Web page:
Jan 8, 2018
More than 100,000 qualified people who had followed all the rules had their food stamps cut off in Illinois in November and December, according to a caseworker estimate.
People on food stamps are required to submit a form every six months showing they are still eligible. A new computer system had been set up to turn off benefits automatically if the form had not been entered.
Illinois’ caseworkers are completely overwhelmed with work converting to this new system and entering all the case files. As they reported, there was no way the workers could manually enter everything required to keep the system running because they were “overworked and undertrained.” Vonceil Metts, the president of the local AFSCME union, explained that “everybody’s learning the new system, but the problem is we’re learning on the backs of poor people.”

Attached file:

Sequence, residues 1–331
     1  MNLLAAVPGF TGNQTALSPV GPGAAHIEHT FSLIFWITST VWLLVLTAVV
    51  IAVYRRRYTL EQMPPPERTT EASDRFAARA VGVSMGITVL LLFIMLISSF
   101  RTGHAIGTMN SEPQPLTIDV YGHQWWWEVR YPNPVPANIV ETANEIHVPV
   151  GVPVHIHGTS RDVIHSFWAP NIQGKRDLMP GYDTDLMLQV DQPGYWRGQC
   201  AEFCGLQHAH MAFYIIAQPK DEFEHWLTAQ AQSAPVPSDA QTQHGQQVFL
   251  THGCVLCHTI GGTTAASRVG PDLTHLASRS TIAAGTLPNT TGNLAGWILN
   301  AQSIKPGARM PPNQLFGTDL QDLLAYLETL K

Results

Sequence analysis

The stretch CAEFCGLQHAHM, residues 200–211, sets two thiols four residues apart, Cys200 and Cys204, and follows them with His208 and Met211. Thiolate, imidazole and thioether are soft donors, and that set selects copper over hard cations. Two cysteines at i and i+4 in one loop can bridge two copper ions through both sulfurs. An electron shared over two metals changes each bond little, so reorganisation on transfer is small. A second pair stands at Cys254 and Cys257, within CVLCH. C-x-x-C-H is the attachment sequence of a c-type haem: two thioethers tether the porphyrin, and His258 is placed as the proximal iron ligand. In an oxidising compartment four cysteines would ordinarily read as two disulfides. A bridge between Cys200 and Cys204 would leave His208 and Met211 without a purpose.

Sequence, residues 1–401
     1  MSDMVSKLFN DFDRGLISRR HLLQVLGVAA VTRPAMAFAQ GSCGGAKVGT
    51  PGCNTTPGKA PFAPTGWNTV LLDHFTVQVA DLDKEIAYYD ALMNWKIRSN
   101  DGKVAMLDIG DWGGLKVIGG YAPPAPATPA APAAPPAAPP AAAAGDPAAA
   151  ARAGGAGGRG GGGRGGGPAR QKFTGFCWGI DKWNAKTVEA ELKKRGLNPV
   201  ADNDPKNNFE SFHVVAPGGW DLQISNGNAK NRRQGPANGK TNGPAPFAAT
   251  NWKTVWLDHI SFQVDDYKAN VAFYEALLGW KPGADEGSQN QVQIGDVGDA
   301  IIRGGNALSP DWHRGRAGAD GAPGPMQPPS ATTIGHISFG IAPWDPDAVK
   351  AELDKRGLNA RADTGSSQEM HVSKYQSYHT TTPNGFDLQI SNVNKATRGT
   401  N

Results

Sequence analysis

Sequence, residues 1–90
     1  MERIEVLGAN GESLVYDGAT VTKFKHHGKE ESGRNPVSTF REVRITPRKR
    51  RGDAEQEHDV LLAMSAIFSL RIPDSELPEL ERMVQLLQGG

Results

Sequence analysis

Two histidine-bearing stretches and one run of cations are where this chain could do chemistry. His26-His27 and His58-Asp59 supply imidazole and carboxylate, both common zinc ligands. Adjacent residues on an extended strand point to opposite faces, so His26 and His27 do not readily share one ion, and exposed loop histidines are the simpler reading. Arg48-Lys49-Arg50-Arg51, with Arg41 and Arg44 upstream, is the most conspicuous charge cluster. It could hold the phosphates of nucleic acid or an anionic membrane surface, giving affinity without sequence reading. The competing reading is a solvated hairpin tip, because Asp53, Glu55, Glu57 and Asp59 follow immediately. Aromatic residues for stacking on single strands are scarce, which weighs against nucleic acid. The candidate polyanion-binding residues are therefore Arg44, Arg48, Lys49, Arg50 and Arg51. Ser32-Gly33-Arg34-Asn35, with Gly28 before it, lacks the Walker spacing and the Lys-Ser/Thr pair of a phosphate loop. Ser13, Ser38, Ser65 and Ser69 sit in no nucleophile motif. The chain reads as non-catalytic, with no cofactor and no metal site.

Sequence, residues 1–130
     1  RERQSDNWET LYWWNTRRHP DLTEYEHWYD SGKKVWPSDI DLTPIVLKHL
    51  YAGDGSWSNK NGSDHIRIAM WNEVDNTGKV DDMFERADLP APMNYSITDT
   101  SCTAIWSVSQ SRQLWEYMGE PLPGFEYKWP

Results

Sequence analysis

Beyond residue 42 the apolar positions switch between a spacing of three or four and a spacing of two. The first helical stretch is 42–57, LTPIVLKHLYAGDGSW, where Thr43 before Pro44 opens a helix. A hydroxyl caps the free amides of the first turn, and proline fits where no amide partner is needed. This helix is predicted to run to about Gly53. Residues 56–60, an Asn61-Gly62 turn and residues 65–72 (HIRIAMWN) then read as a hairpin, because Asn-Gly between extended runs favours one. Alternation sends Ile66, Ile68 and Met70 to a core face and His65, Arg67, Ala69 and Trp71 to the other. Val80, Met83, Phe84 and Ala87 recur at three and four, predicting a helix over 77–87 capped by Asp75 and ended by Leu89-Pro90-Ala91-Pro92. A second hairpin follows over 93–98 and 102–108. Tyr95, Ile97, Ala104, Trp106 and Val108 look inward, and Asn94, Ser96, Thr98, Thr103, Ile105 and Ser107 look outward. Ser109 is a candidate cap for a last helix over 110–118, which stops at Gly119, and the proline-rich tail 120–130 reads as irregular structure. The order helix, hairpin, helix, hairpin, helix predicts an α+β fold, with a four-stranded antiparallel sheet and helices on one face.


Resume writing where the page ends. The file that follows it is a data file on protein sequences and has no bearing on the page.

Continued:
As a result, people flooded food pantries and charities that give out food. “It’s happening to seniors, young moms, pregnant women, disability, veterans, people who are homeless,” said Diane Doherty, Executive Director of the Illinois Hunger Coalition. “I’ve just never in all my years seen something this dramatic happen to people especially at the holidays.”
The computer system that caused this problem was put in place by Deloitte, a gigantic accounting and professional services company. They have already billed 193 million dollars for the work. And unlike the people who need food benefits to survive, Deloitte will be paid on time.